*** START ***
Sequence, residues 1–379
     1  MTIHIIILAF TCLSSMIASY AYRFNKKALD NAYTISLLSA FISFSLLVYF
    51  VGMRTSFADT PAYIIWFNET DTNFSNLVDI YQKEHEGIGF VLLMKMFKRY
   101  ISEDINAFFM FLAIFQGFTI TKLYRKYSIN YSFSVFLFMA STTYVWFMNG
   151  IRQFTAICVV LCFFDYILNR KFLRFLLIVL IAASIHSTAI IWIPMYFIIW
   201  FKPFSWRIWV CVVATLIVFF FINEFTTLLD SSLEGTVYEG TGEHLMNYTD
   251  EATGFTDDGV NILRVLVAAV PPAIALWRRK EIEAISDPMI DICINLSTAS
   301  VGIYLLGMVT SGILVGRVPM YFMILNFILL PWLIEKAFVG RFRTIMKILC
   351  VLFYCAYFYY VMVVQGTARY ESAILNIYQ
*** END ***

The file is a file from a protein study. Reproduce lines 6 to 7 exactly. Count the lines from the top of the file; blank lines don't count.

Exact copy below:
   201  FKPFSWRIWV CVVATLIVFF FINEFTTLLD SSLEGTVYEG TGEHLMNYTD
   251  EATGFTDDGV NILRVLVAAV PPAIALWRRK EIEAISDPMI DICINLSTAS